Monday, February 9, 2009

Jan. Re-cap/Here Comes Winter!

I was so into the upcoming pattern that I completely forgot to do the Jan. re-cap the first of Feb, so here it is followed by the usual weather discussion.

Once again these stats are from the Truckee airport. We ended up 1.5 degrees below normal for the average temp. That may be surprising with all the sun but it was still cold. We have been below normal for the avg. temp. 8 out of the last 10 years, netting -21 degrees & averaging 2.1 degrees below avg. the past 10 Januarys. As of Feb. 1st the snowpack was 63% of Feb. 1st avg., this time last year we were at 124% of Feb. 1st avg. Don’t worry I think we will be ahead of March 1st avg.! Total precip. was 1” which is only 19% of average. The Tahoe Basin as a whole averaged 45% of normal Jan. precip. That puts us at around 73% of average on the water year which starts in September. Northstar ended up about 1 foot shy of the halfway mark to their seasonal avg. of 350” and the crest about 3 feet short. Those numbers obviously less with the 2-3 feet over the past week.

Onto the storms………Cold storm still on it’s way to arrive sometime Tuesday night and last into Thursday. There should be a wave of heavier snow ahead of the storm Tuesday night and another heavier wave Wed. night. Should see around 4-8 inches Tuesday night with 2-4 inches during the day Wed. Then another 6-12 inches Wed. night into Thurs. This should give us a storm total of 1-2 feet by Thursday morning.

Another storm arrive for Friday. This storm is looking wetter each model run. Could see over a foot of additional snow by Saturday. Yet another storm arrives on Sunday with another foot possible for a storm total of 3-4 feet by Monday.

An interesting pattern sets up for next week, as previously detailed in Sunday’s post “Three Storms Three Feet”. The position of the ridges and troughs could connect perfectly to set up a feed of moisture that would bring in BIG storms for next week. One storm around Tuesday and another around Friday. These storms could produce multiple feet each. There will not be much of a break in the snow after tomorrow. The one thing we will have to watch for is exactly where the moisture comes from feeding these storms. We don’t want too much sub-tropical moisture which would raise snow levels.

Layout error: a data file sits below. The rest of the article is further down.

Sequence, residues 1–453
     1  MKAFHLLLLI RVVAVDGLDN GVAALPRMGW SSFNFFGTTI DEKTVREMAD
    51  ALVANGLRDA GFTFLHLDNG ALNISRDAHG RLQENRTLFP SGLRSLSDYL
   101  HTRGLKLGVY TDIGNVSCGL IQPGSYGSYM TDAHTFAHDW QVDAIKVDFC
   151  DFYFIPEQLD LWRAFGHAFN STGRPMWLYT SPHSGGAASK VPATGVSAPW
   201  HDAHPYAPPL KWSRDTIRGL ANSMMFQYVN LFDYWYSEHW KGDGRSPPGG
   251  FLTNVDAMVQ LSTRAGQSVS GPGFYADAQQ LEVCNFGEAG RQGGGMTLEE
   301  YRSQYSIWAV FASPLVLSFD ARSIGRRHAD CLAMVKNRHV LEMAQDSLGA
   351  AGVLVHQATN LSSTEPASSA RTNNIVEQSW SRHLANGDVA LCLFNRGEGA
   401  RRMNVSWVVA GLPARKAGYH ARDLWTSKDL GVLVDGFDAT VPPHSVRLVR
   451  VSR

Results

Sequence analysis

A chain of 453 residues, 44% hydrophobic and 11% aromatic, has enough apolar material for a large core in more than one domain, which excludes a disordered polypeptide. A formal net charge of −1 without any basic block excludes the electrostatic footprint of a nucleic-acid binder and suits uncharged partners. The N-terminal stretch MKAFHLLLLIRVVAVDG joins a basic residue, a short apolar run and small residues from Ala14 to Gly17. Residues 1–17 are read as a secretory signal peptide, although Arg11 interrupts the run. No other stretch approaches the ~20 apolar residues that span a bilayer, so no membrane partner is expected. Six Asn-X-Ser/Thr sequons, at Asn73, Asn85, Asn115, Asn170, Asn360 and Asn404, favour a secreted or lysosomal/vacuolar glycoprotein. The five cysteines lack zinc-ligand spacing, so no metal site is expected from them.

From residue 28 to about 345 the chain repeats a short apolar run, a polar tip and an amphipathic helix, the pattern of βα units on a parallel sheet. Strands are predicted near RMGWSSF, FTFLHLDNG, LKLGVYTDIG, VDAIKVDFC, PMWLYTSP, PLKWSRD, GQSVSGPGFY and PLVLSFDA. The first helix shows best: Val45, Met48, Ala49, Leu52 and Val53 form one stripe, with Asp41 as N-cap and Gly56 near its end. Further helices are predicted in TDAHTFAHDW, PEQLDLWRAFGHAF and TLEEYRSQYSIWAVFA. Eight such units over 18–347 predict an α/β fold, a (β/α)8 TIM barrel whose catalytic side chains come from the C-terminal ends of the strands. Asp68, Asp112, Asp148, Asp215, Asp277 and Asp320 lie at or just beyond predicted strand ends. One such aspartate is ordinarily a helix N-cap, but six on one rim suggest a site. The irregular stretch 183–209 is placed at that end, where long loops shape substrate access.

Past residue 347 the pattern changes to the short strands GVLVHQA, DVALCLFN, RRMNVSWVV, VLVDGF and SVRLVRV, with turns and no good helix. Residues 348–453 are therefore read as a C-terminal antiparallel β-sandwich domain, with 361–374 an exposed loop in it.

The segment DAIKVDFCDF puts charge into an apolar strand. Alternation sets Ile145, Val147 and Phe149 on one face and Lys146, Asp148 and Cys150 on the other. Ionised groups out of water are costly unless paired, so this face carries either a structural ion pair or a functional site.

Let’s just concentrate on the three cold storms affecting us until then. BA

3 comments:

Tim said...

Hi BA,

Would it be too difficult to cite the sources for your numbers for snowpack percentages? Did you get them from Snotel sites or from NOAA's snowpack information?

I'm trying to learn how to use all the resources available but there are so many agencies out there that I get confused about who's actually collecting the date, reporting the data and then presenting it!

Thanks much!

BA said...

Yes, I grabbed the snowpack stats from NOAA's hydrologic outlook, which is issued jointly by the NWS & the Natural Resources Conservation Service.

Our tax dollars hard at work!

Tim said...

Thanks BA, I appreciate it! Just wish I wasn't trapped in this cube in the Bay Area...